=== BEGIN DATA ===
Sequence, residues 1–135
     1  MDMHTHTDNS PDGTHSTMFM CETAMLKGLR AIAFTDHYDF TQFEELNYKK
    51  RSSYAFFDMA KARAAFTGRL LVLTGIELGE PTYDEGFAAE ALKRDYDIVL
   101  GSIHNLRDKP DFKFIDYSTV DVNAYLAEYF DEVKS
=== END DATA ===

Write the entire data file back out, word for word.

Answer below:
Sequence, residues 1–135
     1  MDMHTHTDNS PDGTHSTMFM CETAMLKGLR AIAFTDHYDF TQFEELNYKK
    51  RSSYAFFDMA KARAAFTGRL LVLTGIELGE PTYDEGFAAE ALKRDYDIVL
   101  GSIHNLRDKP DFKFIDYSTV DVNAYLAEYF DEVKS